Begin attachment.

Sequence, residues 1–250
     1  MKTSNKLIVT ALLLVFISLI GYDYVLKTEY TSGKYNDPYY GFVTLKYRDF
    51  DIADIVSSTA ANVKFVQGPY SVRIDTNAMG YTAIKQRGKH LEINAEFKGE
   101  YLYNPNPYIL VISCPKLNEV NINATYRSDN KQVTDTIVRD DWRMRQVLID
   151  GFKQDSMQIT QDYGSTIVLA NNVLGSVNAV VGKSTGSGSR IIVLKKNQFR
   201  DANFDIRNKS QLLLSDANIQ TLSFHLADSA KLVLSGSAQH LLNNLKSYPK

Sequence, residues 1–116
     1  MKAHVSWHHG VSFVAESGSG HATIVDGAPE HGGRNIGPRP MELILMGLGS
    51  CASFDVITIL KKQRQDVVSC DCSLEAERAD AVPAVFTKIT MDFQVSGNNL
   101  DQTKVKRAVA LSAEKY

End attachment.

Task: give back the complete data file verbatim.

Sequence, residues 1–250
     1  MKTSNKLIVT ALLLVFISLI GYDYVLKTEY TSGKYNDPYY GFVTLKYRDF
    51  DIADIVSSTA ANVKFVQGPY SVRIDTNAMG YTAIKQRGKH LEINAEFKGE
   101  YLYNPNPYIL VISCPKLNEV NINATYRSDN KQVTDTIVRD DWRMRQVLID
   151  GFKQDSMQIT QDYGSTIVLA NNVLGSVNAV VGKSTGSGSR IIVLKKNQFR
   201  DANFDIRNKS QLLLSDANIQ TLSFHLADSA KLVLSGSAQH LLNNLKSYPK

Sequence, residues 1–116
     1  MKAHVSWHHG VSFVAESGSG HATIVDGAPE HGGRNIGPRP MELILMGLGS
    51  CASFDVITIL KKQRQDVVSC DCSLEAERAD AVPAVFTKIT MDFQVSGNNL
   101  DQTKVKRAVA LSAEKY